For those of us who oppose repealing “Don’t Ask, Don’t Tell,” there was good news and bad news this week. The good news is that repeal failed on Thursday, gaining 57 of the required 60 votes.
The bad news is that there appear to be at least 60 potential votes for repeal, if the Democrats can get things right procedurally before Congress goes home. As I understand it, 57 of 58 Democratic Senators favor repeal. The exception is the brand new Senator from West Virginia, Joe Manchin, who voted “no” on Thursday.
Repeal thus requires the votes of three Republicans. Susan Collins favors repeal and voted for it on Thursday, in spite of becoming upset with Harry Reid over procedural issues. In addition to Collins, Scott Brown and Lisa Murkowski both have indicated they favor repeal and would so vote under the right circumstances. As I understand it, those circumstances involve Reid’s agreement to several days of debate and to the right of Republicans to offer amendments. Reid seems reluctant to agree to all of this, probably because of time constraints. But if he wants to get to 60, it doesn’t seem like he has much choice.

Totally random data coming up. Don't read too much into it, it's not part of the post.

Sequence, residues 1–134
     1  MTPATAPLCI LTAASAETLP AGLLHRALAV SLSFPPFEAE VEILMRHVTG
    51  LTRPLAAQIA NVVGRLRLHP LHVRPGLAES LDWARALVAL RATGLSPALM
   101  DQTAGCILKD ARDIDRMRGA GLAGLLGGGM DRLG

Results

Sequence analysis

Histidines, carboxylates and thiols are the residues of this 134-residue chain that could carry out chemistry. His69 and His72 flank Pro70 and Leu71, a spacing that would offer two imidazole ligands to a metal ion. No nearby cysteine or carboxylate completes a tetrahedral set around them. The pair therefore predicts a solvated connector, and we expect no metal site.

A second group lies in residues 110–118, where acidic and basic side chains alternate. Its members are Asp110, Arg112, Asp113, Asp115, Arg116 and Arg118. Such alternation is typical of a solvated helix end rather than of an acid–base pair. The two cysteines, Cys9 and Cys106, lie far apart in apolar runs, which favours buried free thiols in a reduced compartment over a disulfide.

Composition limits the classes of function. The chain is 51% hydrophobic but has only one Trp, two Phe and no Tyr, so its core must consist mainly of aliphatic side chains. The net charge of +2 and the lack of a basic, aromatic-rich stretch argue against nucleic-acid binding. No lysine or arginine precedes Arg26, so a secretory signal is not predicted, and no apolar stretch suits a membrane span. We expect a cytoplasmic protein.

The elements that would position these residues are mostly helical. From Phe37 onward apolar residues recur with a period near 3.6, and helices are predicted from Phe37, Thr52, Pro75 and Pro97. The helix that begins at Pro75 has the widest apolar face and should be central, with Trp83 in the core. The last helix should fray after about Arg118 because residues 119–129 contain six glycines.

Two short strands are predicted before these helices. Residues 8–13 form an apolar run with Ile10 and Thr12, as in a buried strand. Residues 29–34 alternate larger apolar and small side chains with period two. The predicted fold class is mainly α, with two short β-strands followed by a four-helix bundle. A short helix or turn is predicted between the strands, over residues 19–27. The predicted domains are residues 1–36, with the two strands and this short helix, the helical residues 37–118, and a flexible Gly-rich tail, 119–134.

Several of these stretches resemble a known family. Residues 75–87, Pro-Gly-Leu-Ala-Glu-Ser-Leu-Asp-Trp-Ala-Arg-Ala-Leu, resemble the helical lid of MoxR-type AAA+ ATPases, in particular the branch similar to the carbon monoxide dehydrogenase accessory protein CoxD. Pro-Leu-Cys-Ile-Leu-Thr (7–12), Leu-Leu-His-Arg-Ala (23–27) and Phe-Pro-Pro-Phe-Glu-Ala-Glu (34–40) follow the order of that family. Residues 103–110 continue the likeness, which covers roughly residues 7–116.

Brown probably has no political reason to oppose repeal. Most Massachusetts voters probably favor repeal, so if anything, the politics favor Brown voting that way.. Brown could face a primary challenge in 2012, but unless the Tea Party morphs into a watchdog on social issues, he’s unlikely to incur its wrath by voting for DADT repeal.
Repealing DADT would probably play less well in Alaska. But Murkowski has always been a moderate on social issues. And having just won an historic victory as a write-in candidate – and not having to face the voters again for six years – she may not feel constrained either.
This, then, looks like a real cliff-hanger.
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